The final glimpse of this transition is the climactic broadcast of “The Jerry Langford Show”. After Rupert and Masha kidnap Langford, they make one single, ludicrous, demand as ransom: a spot on the show for Pupkin to unleash his comic talents to the world. Pupkin happily walks right into the studio, unsettling the TV assistant he had formerly tormented by revealing himself to be the kidnapper. He’s already memorized his monologue; the only material he carries is a written introduction to be read out by the guest-host Tony Randall, in a “celebrity cameo”. A brief scene shows Randall lamenting the poor writing to the TV director (Scorsese himself). However, consummate professional that he is, Randall nonetheless proceeds and delivers the piece, the only decent thing we see on TV in the entire film. His own presence, his jovial charm and his priceless mock hang-dog expression, make up for the deficiencies of Pupkin’s material. The generosity of the star of Tashlin’s Will Success Spoil Rock Hunter? contrasts terribly with Rupert’s monologue, an outpour of narcissism and selfishness. While not without potential as comic material, what Pupkin expresses in his performance is his own wounded pride, his own desire to be “King for a Night”.
The final punchline is when Langford, who manages to escape the kidnapper’s hideout, runs down empty streets, stopping at a shop with a TV display. The close-up of Langford’s reaction is the last we see of him in the film. His face is lined; his eyes convey defeat and resignation. For Lewis, the 80s proved to be his final period as an active film-maker. The King of Comedy presents a cathartic meditation on Lewis’ relation to show-business, dramatizing the changes in the commercial system that would ultimately exile Lewis, one of the most popular stars of the 20th Century away from the mainstream in which he thrived. The King of Comedy was of course a famous box-office failure and would seriously divide critics at the time of the film’s release. The film’s agonized portrayal of celebrity worship, its elegy to true showbiz professionals like Lewis, was too difficult to be grasped since both were rendered taboo at the time of the film’s release. It would be years until the film would be vindicated, in the words of Sandra Bernhard, as “the last really great film about culture.”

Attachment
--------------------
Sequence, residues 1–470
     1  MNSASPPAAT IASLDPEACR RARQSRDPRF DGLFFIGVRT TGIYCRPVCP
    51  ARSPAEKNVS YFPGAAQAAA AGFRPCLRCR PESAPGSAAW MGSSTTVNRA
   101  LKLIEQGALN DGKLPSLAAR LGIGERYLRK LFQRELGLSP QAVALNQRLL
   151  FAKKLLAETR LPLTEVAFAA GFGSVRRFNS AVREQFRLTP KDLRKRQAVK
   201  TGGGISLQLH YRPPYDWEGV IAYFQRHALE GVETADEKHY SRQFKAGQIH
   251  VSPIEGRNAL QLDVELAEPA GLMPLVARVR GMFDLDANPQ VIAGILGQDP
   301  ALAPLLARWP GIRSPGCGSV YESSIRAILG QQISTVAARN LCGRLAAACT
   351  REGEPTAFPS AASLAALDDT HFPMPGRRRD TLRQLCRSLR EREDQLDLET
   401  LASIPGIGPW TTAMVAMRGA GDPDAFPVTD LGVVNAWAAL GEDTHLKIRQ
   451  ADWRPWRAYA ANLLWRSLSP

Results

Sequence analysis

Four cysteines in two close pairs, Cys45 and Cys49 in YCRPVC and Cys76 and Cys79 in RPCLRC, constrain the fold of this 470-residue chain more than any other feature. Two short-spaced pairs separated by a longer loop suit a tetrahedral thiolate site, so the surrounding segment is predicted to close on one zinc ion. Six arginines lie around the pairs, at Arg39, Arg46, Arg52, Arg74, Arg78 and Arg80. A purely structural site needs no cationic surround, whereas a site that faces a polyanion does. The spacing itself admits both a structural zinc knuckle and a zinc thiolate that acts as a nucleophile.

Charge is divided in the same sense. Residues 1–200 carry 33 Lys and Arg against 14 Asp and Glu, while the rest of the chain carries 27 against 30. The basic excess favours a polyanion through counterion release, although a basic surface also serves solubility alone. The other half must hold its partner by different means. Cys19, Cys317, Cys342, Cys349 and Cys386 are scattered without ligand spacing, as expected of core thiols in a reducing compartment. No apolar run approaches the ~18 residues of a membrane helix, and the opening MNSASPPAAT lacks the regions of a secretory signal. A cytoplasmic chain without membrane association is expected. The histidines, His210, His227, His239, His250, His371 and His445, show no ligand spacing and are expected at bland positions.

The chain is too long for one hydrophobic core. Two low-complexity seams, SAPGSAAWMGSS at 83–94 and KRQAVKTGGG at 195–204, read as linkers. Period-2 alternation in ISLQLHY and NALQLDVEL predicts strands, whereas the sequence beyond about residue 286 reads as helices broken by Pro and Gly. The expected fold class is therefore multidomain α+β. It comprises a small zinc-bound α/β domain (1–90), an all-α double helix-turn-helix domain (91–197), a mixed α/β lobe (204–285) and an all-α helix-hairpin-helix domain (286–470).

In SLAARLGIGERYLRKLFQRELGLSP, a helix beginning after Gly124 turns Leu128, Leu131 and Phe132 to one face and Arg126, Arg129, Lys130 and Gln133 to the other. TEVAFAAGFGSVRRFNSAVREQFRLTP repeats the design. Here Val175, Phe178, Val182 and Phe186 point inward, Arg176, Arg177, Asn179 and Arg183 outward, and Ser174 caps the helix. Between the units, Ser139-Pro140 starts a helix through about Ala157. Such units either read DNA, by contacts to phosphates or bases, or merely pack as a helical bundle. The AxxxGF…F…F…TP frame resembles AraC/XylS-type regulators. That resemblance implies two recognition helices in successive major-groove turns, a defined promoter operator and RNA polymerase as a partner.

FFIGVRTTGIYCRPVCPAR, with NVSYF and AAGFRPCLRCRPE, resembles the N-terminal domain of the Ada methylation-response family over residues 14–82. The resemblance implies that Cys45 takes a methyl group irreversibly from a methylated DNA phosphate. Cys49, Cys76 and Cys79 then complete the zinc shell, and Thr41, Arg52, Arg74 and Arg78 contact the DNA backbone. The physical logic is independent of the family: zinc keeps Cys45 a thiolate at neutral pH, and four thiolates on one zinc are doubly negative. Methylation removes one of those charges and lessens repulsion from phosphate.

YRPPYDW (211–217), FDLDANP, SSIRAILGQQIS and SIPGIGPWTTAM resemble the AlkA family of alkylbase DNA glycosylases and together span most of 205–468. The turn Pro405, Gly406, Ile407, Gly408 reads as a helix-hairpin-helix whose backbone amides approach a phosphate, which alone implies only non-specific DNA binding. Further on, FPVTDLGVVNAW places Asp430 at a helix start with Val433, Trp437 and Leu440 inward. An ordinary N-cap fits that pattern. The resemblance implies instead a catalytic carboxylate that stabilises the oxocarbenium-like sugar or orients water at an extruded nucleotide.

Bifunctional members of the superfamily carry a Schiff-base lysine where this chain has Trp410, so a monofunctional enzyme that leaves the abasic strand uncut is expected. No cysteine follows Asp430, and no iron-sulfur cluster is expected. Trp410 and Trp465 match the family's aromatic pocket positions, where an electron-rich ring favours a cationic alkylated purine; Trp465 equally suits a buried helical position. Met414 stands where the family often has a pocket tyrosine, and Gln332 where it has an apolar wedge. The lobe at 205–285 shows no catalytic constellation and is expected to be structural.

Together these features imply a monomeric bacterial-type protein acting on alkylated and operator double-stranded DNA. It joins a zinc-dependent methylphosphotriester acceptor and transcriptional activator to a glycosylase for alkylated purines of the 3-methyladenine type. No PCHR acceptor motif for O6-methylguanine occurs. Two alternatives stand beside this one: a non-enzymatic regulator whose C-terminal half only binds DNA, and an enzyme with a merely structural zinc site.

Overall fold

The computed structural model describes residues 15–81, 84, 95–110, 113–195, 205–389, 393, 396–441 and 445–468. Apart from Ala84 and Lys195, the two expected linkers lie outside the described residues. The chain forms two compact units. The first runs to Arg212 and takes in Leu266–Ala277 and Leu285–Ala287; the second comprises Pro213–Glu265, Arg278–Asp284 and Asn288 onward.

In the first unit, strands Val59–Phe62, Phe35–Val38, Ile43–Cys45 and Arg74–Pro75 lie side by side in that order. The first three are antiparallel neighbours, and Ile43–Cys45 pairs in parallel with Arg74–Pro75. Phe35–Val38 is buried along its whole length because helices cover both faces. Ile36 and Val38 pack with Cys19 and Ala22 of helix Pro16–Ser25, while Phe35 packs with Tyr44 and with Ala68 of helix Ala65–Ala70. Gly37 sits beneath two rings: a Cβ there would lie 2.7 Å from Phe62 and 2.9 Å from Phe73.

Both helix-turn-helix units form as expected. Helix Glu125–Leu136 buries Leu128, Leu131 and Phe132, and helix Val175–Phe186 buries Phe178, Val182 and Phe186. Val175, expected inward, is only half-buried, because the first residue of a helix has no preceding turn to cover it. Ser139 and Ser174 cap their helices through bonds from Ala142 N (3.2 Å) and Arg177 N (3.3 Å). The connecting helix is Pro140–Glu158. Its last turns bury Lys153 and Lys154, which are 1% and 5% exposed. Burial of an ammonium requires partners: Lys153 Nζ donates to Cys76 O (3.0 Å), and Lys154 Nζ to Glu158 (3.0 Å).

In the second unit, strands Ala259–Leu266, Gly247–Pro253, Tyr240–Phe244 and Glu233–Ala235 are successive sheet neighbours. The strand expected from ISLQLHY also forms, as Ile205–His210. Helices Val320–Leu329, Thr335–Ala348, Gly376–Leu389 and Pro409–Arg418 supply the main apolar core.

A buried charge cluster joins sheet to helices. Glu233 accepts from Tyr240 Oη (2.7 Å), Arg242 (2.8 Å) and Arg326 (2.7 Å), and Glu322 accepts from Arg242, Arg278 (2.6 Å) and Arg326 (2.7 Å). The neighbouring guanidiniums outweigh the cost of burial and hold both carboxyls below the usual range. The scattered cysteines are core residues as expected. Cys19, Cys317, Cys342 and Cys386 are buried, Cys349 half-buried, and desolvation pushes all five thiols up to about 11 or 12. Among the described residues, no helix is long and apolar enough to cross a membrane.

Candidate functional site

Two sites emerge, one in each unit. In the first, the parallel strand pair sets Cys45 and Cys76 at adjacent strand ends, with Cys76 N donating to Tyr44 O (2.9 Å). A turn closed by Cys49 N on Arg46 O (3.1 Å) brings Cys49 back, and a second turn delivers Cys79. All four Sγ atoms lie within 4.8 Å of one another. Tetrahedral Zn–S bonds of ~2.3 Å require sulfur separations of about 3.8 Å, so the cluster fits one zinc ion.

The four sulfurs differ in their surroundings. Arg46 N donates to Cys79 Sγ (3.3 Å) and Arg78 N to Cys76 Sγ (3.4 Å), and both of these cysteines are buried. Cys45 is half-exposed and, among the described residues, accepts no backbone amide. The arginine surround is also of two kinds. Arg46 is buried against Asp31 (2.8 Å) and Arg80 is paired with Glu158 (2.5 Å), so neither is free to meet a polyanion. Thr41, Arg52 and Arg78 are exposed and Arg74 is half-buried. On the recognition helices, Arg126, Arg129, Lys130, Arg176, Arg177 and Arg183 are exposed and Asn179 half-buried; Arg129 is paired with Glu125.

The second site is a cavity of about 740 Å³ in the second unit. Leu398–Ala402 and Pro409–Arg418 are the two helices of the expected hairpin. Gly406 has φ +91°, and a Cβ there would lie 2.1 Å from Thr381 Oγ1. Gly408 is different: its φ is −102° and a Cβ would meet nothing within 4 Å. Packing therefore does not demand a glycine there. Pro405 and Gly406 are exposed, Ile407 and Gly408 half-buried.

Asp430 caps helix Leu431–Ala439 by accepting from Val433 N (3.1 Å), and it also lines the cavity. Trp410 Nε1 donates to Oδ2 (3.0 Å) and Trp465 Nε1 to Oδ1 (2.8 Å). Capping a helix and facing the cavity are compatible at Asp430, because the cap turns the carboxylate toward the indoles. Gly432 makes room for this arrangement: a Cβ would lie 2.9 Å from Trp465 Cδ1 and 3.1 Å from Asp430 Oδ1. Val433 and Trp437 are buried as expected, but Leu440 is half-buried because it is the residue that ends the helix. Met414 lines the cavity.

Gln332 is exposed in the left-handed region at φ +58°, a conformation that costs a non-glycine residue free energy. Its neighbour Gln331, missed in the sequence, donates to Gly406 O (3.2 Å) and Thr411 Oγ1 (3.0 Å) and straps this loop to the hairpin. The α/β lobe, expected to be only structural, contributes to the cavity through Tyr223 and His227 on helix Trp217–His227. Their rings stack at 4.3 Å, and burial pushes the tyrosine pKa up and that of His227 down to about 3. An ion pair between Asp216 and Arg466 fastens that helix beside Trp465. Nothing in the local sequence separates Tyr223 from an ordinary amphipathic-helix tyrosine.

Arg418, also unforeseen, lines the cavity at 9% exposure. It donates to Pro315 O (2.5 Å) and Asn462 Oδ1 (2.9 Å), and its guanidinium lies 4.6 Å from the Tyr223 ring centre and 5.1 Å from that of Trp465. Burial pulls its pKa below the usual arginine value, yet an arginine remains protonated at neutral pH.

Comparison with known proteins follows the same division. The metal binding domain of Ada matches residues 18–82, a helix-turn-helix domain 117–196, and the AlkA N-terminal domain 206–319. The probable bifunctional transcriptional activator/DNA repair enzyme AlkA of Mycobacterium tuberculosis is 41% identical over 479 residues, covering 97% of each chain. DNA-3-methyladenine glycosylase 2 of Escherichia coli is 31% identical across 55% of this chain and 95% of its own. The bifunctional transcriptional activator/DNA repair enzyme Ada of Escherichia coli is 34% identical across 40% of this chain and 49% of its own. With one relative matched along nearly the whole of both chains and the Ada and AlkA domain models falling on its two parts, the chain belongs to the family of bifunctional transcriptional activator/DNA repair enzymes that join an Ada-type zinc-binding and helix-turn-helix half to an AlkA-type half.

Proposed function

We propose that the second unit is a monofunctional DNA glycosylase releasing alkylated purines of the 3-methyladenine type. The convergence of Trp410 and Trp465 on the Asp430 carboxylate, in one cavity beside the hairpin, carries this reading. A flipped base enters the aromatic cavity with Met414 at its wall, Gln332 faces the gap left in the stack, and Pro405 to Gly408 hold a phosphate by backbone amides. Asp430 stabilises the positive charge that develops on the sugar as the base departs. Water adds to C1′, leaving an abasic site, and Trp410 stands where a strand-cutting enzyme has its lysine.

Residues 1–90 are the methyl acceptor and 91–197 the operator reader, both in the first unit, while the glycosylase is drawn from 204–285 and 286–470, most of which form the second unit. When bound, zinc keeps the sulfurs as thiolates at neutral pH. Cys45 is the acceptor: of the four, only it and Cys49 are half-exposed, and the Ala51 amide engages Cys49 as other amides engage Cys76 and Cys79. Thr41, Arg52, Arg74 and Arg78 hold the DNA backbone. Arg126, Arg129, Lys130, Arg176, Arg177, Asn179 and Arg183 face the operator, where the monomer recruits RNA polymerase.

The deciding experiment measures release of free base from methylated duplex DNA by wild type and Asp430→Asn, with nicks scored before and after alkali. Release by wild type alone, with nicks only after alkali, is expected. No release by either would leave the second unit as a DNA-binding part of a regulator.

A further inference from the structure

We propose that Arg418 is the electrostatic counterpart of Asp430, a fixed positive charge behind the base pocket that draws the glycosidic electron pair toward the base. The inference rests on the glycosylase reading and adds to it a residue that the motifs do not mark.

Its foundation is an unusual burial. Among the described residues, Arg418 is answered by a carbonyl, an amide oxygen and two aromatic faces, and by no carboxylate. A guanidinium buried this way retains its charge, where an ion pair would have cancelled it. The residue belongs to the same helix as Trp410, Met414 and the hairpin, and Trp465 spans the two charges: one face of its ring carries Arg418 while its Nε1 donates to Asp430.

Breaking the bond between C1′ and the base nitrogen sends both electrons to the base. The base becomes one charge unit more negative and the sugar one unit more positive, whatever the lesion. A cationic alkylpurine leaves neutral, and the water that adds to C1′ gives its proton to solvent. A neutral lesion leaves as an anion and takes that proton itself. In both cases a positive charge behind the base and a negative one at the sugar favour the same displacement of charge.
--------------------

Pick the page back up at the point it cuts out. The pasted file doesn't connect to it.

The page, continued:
1] Wim Wenders On Film : Essays and Conversations. Faber & Faber, First Edition (December 2001). “The King of Comedy”, Page 458:
: "It's one of the rare films that are genuinely critical of America. Its criticism is aimed at the most vulnerable point of the American psyche, the basis of American culture, which is an entertainment culture. It's practically a treasonable film."
:“When Lewis looks at De Niro what he sees isn't a simple reflection, but rather a distorted funhouse mirror image of himself. Rupert Pupkin. It's a name Lewis might have chosen for one of his own sublime idiot/innocents. But there's nothing innocent about Rupert. All the Lewis lunatics ever wanted was love and understanding — and therefore success. In The King of Comedy, the object of desire is fame and fortune now — love's an optional extra.”
3] Scorsese on Scorsese. This is in fact, an autobiographical in-joke on the part of Martin Scorsese, who admits to arranging monitors playing different scenes from chosen films in his place of work.
4] The King of Comedy. Twentieth Century Fox, DVD(2004). Special Features: Deleted Scenes: Jerry Langford & Monologue(05:38). Actually both the deleted scenes on the DVD show Langford’s lighter side. The monologue and the brief scene cut from the sequence of Langford walking New York streets (‘Jerry Meets His Fans’ (00:37) They were presumably removed to emphasize the serious pressures Langford is under throughout the film.
5] Who the Hell’s In It : Portraits and Conversations. Peter Bogdanovich. Faber & Faber. 2005 Paperback edition. Jerry Lewis Profile (Chapter 8), Page 196-197. In the interview Lewis states that he was asked to contribute to writing of the film, working with screenwriter Paul Zimmerma, Scorsese and DeNiro on those aspects dealing with “celebrity” as, at the time of film’s release, he was the only one in the film who was publicly recognizable and frequently accosted. He considers the film “a wonderful movie” but favors his own ending, Rupert Pupkin killing Langford, over the one in the film.
6] The King of Comedy. Twentieth Century Fox, DVD(2004). Special Features: A Shot at the Top – The Making of The King of Comedy. Martin Scorsese says this scene wasn’t in the original script and that Lewis directed the actress playing the old lady.
7] Defining Moments in Movies, edited by Chris Fujiwara. Cassell Illustrated (Oct 2007). 1980s section, entry on The King of Comedy by A. S. Hamrah who notes that Langford’s living room doesn’t have a television.
8] The King of Comedy. Twentieth Century Fox, DVD(2004). Special Features: A Shot at the Top – The Making of The King of Comedy.